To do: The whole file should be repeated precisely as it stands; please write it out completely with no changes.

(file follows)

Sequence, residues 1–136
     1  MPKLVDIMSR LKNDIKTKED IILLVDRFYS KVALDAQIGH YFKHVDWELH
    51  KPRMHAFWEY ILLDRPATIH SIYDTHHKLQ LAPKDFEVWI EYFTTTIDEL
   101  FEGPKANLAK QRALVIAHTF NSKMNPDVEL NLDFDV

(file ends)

Sequence, residues 1–136
     1  MPKLVDIMSR LKNDIKTKED IILLVDRFYS KVALDAQIGH YFKHVDWELH
    51  KPRMHAFWEY ILLDRPATIH SIYDTHHKLQ LAPKDFEVWI EYFTTTIDEL
   101  FEGPKANLAK QRALVIAHTF NSKMNPDVEL NLDFDV